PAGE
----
Feature

Battlefield 3 Gets Up Close And Personal

by Matt Bertz on Mar 13, 2012 at 03:05 AM

The announcement of the next batch of Battlefield 3 expansions couldn't have come at a better time for DICE. The natives were so restless over the lack of news and title updates coming from the studio that some particularly outraged fans were in the midst of organizing a 24-hour blackout to demonstrate their disappointment over the developer's perceived inaction. In reality, DICE was prepping the public unveiling of the most aggressive slate of post-release expansions since the days of Battlefield 2.

But even before the first map pack releases in June, DICE has several other Battlefield 3 enhancements nearly ready for deployment. Executive producer Patrick Bach says a huge patch featuring several requested tweaks is going through certification right now with Microsoft and Sony, and the studio plans to roll out a server rental program in the coming months.

PC players have always had the luxury of renting individual servers and tweaking the game modes to their liking. With the server browsing functionality already in place for Battlefield 3, DICE asked Microsoft and Sony about the possibility of providing server rentals on consoles as well. Surprisingly, both platforms told Bach that DICE was the first studio to ever inquire about this kind of service. After going over DICE's request, both gave the Battlefield 3 plan their blessing. For an undetermined fee, players will now be all to rent their own servers and set up custom game configurations. Want to play ranked Seine Crossing conquest matches on repeat? No problem. Prefer to scale back the maps to only those that emphasize vehicular combat on hardcore mode? It's also just a few clicks and a few dollars away. DICE hasn't finalized the pricing yet, but Bach says they plan to offer different plans based on the length of rental, which can range from one-day events to longer-term contracts lasting several months. 

Though most fans will just be happy to play some new maps when Close Quarters launches in June, a smaller subset of Battlefield traditionalists will probably scoff at the idea of a map pack that approximates the intense small area gunfights of Call of Duty. So why go small when the series is best known for going big? Bach says the popularity of more narrow maps like Operation Metro was the motivating factor. Since hardcore fans got their wish with several revamped Battlefield 2 fans in Back to Karkand, DICE believed it made sense to cater to the close quarters crowd with the next four-map expansion. 

With no vehicles or large open expanses, these maps will be popular Team Deathmatch destinations, but Bach says all four maps support every pre-existing gameplay mode, plus a brand new one the studio isn't revealing just yet. To keep these more intimate encounters from feeling overcrowded, DICE is also dropping the player count. Sorry PC players, but there are no 64-player matches in this expansion pack.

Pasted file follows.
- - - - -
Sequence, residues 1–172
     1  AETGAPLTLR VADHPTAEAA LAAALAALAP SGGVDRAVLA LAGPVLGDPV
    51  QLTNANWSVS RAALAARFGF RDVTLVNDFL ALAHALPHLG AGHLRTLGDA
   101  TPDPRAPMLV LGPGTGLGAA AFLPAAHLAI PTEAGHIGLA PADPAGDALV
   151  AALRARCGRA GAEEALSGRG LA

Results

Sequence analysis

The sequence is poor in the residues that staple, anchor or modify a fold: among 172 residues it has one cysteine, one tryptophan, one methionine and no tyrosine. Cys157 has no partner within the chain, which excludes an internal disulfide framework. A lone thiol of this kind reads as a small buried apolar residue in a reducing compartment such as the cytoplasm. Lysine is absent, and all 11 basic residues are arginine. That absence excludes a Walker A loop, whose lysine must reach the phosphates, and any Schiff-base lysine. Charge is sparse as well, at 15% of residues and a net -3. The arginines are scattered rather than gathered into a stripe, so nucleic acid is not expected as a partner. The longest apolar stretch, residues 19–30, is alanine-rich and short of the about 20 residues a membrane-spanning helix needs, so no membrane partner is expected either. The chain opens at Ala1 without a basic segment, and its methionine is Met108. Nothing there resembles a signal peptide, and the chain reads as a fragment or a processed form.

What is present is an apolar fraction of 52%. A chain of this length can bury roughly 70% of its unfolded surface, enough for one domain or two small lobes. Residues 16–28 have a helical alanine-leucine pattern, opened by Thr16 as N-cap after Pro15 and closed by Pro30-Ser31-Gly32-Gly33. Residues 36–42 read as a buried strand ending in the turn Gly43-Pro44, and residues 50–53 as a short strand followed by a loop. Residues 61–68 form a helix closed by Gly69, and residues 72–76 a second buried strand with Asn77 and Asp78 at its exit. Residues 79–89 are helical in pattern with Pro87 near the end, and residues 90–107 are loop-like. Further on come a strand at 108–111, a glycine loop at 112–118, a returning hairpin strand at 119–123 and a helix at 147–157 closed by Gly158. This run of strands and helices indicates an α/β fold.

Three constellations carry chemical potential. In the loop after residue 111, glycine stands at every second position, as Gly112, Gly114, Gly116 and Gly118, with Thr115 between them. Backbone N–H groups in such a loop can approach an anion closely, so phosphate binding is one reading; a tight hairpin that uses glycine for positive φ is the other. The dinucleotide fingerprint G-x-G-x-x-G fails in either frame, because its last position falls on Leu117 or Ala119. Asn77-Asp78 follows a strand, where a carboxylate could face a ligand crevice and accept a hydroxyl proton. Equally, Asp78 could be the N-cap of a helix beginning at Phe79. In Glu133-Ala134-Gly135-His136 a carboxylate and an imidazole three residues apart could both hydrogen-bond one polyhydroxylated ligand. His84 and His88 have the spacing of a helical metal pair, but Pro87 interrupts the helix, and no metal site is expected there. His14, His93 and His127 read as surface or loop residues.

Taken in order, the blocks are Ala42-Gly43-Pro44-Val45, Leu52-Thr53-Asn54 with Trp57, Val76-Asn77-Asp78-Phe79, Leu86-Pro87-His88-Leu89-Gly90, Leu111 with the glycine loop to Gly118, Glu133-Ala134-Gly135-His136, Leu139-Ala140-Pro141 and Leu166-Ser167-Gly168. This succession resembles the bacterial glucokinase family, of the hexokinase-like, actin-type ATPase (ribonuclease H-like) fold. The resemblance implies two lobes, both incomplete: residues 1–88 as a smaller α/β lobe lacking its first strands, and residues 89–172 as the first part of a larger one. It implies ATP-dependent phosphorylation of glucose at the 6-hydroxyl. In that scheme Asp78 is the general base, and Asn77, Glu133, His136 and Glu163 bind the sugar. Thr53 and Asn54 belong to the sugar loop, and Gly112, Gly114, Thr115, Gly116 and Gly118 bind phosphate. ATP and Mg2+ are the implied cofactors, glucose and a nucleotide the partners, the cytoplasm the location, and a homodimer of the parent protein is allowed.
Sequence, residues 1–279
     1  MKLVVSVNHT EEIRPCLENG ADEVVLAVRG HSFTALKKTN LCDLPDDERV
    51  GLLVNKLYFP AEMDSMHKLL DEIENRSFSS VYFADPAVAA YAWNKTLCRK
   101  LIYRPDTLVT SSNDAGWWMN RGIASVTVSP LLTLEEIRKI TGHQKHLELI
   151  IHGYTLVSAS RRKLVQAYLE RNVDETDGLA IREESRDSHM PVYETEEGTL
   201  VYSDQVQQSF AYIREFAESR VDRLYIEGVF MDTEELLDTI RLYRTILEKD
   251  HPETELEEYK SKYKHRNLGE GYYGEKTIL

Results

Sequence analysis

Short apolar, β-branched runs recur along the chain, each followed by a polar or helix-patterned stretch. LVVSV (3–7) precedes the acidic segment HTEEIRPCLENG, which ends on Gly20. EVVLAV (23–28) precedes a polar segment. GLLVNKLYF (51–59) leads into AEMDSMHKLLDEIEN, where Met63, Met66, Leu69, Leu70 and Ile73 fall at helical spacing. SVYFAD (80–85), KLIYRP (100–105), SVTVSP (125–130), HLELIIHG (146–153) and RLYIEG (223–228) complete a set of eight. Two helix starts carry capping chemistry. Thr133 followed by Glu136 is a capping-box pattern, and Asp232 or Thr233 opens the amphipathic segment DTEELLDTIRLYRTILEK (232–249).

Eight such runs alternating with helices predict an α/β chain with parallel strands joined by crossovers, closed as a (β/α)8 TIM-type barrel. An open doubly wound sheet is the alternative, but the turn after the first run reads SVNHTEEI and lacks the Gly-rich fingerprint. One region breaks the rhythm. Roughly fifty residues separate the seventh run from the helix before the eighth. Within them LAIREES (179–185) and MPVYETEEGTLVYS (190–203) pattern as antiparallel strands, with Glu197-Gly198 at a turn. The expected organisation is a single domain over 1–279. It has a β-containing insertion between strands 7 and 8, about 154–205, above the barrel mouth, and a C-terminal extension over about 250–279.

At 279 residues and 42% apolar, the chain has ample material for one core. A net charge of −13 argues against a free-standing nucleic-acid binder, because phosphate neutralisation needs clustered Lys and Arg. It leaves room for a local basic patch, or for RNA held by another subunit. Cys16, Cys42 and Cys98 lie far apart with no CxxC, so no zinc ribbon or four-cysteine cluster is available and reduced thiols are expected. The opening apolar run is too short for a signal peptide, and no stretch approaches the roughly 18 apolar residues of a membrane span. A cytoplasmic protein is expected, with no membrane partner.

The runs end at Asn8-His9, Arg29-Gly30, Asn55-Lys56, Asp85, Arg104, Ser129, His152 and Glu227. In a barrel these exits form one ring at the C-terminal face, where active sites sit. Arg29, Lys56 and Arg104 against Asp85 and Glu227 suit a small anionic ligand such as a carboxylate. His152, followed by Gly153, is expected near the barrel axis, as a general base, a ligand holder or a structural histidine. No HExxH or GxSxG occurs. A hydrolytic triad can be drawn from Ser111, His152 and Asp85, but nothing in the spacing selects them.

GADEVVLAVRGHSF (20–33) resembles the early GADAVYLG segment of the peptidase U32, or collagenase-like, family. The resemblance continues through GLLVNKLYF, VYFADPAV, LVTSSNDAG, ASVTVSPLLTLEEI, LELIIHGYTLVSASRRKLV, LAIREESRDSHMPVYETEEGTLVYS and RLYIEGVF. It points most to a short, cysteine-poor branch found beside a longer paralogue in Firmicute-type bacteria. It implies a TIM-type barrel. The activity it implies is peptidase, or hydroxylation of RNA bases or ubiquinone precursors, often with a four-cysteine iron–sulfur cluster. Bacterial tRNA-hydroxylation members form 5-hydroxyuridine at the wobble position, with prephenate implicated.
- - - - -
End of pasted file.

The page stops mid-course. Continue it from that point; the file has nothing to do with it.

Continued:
What these indoor spaces lack in size, they make up for in destructibility. Throughout my hands-on playthrough of the Ziba Tower high-rise apartment map, rarely did I come across a room that wasn't ripped to shreds by bullets. When multiple soldiers are opening fire in a room, the immediate damage is impressive. Drywall, home decor, televisions, windows – everything in this ultra-modern Iranian complex is susceptible to damage. It also features the element of verticality, with the gunfight taking place on multiple floors.  

As you would expect in a smaller, Call of Duty style map, the minute-to-minute gameplay was fast and furious, and the maps seem better suited to the assault and support classes. Though you can still play as an engineer or recon soldier, the utility of anti-air missiles, RPGs, anti-tank mines, sniper rifles, and laser designators seems marginalized when battling in such tight spaces. Why essentially equip yourself with poorly fitting specializations like these when a medic pack or ammo packs make so much more sense? Close Quarters also comes with 10 new weapons spread across all the classes, so perhaps the new guns will keep these seemingly less-useful classes relevant. Like Back to Karkand before it, this new expansion also includes additional assignments and dogtags.

If you're not crazy about the smaller maps, you also have two more map packs to look forward to in 2012. Armored Kill, the vehicular-based expansion that includes the biggest map in BF 3 history and new vehicles, is scheduled to ship next fall. We don't know anything about the final expansion, End Game, but Bach says it will likely release during the winter.

Close Quarters is scheduled to release on Xbox 360, PlayStation 3, and PC this June, with PS3 owners getting the maps a week early. Check out the screenshots and game trailer below to get a glimpse of the expansion in action.